Given the inconclusive literature on this topic and the diverse nature of the stimuli used in previous studies, the relative role of postural and kinematic information is not clear. The goal of the present study was to test the hypothesis that kinematic and postural properties reflect differently the affective content of the body movement. To this aim, we pioneered a quantitative representation of naturalistic whole-body movements using computational features and related them to emotion. Our second question concerned the relation of behavioural features derived from measures of subjective perception to the computed features as well as to emotional categories.

Results

Computational features

Our first question was whether (dis)similarities in the kinematic and postural features of body movements would reflect the affective categorical structure. For this purpose, several quantitative body features were computed from affective body-movement videos expressing anger, fear, happiness or a non-emotional expression. To compute the features, we estimated the position of the actors’ main joints using the state-of-the-art 2D pose estimation library OpenPose (v1.0.1)19. Kinematic features included velocity, acceleration and vertical movement (i.e. amount of displacement of each keypoint in the y-axes between adjacent frames). Postural features consisted of symmetry (i.e. distance between each pair of joints with respect to the axis that divides the body vertically by the nose), limb angles (i.e. angle between two adjacent body segments, including the angles for the elbows, knees, shoulders and hips) and three different computations of body contraction: shoulder ratio (i.e. amount of extension of the body joints with respect to the shoulders), surface (i.e. area spanned by the total body extension in the x-axis and the extension in the y-axis) and limb contraction (i.e. average of the distances between the wrists and ankles to the head).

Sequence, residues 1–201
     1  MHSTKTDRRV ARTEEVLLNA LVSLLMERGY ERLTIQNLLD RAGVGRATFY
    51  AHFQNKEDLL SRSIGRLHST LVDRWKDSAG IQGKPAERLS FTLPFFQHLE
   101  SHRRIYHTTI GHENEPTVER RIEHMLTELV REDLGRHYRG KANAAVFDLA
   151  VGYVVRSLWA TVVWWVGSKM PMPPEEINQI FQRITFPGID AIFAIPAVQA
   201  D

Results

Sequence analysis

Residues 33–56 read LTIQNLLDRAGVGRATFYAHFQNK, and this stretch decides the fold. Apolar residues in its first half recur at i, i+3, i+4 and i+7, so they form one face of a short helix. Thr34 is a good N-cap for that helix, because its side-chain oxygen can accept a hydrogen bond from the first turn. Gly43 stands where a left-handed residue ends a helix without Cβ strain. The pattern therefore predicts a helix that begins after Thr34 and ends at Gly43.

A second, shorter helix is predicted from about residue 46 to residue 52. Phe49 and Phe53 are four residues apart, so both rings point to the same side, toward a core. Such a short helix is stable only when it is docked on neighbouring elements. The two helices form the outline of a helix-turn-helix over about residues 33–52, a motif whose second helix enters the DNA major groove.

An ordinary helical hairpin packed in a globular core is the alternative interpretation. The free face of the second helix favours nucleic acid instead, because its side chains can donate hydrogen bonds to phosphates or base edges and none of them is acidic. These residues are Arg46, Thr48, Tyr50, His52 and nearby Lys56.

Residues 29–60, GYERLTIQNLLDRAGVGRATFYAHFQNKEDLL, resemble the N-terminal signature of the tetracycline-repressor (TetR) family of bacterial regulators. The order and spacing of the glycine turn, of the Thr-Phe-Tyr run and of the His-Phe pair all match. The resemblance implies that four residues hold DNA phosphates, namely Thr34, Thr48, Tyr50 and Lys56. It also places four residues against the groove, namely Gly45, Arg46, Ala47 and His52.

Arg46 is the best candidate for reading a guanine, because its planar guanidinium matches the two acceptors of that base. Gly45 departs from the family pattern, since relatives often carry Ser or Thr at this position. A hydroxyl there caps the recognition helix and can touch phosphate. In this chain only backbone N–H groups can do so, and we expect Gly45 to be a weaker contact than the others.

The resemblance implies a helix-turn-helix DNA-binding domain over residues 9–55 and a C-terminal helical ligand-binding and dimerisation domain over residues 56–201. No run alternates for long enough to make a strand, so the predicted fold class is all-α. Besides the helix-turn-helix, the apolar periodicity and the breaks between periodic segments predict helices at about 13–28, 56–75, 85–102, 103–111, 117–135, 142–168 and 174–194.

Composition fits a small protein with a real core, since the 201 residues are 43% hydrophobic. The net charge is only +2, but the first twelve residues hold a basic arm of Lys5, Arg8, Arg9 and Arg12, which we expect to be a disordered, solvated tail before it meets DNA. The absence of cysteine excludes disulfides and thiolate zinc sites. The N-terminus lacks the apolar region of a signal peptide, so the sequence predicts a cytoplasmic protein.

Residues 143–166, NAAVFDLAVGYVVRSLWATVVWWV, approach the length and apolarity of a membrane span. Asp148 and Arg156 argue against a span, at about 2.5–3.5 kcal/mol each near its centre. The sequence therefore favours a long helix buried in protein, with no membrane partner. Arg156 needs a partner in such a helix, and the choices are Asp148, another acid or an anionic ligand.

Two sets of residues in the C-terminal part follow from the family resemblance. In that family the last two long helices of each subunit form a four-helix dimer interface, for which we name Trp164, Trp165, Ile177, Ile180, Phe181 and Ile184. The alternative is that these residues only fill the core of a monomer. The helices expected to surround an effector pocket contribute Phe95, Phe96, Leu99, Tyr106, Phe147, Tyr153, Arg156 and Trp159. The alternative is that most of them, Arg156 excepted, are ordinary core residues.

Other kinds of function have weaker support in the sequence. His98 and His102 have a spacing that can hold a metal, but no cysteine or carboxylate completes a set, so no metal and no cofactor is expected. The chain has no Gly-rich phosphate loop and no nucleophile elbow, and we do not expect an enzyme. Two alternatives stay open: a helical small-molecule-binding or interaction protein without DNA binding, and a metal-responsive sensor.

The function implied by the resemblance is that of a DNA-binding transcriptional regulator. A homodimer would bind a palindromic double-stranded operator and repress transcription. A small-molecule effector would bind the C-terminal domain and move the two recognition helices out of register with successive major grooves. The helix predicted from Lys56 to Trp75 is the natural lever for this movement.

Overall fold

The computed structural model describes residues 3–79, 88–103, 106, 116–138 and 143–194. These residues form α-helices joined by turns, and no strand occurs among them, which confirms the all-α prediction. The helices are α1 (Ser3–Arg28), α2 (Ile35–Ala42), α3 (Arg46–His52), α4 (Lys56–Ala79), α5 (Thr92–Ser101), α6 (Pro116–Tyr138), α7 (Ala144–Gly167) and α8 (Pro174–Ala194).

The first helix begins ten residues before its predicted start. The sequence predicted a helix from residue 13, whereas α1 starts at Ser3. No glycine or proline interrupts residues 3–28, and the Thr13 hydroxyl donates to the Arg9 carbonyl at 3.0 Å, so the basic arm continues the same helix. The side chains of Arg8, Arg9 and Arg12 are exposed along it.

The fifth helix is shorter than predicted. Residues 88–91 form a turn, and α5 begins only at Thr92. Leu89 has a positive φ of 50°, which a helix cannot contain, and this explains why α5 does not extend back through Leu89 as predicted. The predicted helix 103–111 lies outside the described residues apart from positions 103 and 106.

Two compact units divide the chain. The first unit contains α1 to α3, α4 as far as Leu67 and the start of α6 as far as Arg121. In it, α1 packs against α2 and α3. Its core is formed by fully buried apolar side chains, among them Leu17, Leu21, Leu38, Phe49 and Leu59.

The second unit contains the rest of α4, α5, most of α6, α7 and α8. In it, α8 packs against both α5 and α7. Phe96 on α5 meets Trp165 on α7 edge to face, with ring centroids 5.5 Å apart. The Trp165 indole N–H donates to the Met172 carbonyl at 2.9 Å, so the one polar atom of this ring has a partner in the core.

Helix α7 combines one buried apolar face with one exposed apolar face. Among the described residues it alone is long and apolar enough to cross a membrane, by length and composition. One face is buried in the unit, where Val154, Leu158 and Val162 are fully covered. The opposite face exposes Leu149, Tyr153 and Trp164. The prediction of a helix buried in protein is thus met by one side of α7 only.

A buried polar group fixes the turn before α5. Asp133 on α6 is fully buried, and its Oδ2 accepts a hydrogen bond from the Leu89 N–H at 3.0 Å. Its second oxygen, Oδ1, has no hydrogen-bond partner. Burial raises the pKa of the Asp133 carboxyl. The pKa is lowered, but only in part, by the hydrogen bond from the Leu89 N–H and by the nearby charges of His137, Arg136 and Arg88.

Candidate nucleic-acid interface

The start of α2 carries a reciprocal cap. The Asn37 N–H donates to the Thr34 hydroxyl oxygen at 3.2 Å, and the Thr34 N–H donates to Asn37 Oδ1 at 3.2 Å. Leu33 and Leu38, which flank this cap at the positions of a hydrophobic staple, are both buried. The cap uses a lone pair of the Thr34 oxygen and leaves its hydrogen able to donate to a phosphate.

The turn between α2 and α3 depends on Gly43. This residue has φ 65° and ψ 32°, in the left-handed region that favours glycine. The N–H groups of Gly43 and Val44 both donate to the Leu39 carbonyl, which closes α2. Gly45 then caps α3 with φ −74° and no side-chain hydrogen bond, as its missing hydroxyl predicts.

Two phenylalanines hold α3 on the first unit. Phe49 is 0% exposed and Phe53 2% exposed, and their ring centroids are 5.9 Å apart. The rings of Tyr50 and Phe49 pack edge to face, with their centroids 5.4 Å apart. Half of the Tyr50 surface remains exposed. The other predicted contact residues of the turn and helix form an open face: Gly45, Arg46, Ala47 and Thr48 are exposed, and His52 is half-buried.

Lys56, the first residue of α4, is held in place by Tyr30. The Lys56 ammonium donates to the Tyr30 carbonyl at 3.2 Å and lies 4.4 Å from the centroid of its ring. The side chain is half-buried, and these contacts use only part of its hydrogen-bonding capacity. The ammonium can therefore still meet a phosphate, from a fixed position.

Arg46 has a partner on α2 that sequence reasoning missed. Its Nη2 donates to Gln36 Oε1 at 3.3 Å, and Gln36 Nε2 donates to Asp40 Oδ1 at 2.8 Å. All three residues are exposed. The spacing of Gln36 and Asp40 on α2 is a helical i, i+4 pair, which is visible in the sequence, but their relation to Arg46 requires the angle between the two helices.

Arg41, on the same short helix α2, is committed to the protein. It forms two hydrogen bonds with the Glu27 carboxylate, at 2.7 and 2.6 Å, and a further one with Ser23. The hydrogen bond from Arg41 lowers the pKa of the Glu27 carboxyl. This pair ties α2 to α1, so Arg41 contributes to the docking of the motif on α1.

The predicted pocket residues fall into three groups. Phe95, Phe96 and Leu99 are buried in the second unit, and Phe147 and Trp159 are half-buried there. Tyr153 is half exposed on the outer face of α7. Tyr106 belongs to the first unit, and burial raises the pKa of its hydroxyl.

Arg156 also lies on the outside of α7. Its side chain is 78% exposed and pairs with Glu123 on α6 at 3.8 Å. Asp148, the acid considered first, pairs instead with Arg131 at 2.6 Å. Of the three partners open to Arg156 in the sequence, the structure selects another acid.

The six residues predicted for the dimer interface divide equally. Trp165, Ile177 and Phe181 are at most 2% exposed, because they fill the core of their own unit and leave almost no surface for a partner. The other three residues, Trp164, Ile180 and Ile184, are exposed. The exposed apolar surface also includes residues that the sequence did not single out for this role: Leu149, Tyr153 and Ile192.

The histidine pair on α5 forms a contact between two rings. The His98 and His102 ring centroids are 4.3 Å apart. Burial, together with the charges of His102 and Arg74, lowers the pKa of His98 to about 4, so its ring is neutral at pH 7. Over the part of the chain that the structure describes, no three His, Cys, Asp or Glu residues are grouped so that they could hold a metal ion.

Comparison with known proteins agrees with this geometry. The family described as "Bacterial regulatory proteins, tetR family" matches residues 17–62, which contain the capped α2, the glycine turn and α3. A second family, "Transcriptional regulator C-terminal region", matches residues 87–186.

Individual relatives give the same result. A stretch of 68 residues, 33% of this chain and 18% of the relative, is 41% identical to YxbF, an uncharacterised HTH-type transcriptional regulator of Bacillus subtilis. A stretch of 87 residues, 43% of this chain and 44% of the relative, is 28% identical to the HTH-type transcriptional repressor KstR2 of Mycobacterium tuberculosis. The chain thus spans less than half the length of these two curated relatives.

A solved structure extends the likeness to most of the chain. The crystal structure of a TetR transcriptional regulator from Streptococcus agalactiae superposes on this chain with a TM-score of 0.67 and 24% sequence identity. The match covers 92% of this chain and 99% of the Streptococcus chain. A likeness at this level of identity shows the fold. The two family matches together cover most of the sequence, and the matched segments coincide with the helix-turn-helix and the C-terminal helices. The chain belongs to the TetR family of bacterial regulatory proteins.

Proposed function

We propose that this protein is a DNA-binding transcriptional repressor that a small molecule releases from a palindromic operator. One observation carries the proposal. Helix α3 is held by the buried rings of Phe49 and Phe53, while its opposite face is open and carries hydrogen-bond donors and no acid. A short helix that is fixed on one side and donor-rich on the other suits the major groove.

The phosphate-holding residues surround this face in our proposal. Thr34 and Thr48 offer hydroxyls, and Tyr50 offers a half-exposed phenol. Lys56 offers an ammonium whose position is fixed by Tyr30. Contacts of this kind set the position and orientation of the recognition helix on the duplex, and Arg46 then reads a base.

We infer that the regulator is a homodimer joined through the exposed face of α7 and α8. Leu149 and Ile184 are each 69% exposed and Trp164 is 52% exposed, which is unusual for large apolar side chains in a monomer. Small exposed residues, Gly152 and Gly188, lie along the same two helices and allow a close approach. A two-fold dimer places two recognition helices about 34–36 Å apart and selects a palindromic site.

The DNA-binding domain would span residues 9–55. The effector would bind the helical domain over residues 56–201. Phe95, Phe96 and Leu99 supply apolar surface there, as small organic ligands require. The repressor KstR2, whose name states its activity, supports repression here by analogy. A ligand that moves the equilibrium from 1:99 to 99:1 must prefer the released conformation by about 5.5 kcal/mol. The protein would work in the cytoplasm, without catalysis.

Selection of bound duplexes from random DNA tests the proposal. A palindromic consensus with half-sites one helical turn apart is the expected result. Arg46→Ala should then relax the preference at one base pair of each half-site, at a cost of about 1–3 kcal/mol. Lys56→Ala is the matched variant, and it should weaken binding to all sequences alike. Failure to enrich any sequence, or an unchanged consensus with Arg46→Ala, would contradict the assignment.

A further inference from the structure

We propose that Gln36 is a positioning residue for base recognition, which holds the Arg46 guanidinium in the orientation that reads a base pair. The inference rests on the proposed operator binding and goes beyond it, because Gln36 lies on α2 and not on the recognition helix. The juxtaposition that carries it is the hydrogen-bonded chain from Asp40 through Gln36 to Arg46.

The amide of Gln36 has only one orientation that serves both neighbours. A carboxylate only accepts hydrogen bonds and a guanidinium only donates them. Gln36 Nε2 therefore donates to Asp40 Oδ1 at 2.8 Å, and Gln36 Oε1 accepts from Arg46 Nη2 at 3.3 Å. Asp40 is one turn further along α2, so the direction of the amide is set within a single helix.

To investigate the relationship between these features and emotion categories we used representational similarity analysis (RSA)20,21. This method is based on the computation of the relations between pairs of stimuli, which are represented in the so-called representational dissimilarity matrices (RDMs). These matrices are, therefore, able to capture the level of (dis)similarity across stimuli and allow the comparison between different stimuli representations and data modalities (see Materials and methods). Figure 1 illustrates the results of the representational similarity analysis conducted with the computed features. The resulting RDMs were arranged in the same order as the four-emotional categories RDM (see Fig. 1b, upper left corner). The (dis)similarity structure of symmetry showed a clear dissociation between neutral and the rest of the affective body movements. Likewise, the neutral condition presented more similarities to itself with respect to shoulder ratio and limb angles than to the other emotional classes. For limb angles, the fearful condition also showed a high degree of within-category similarity and between-category dissimilarity. Kinematic RDMs such as the ones for velocity, acceleration and vertical movement did not reflect a clear differentiation between emotional categories.

Figure 1
figure 1

Representational dissimilarity matrices of the kinematic and postural features. (a) Example of a key video-frame per emotional category from our stimulus set with the OpenPose skeleton overlaid on top. From top to bottom: angry, happy, neutral and fearful stimuli. (b) The RDMs represent pairwise comparisons between 56 stimuli with regard to the kinematic (i.e. velocity, acceleration and vertical movement) and postural (i.e. limb angles, symmetry, shoulder ratio, surface and limb contraction) computed features averaged over time (see Supplementary Materials for more information). The dissimilarity measure reflects Euclidean distance, with blue indicating strong similarity and yellow strong dissimilarity. Colour lines in the upper left corner indicate the organization of the RDMs with respect to the emotional category (anger: red; happiness: yellow; neutral: green; fear: purple) of the video stimuli.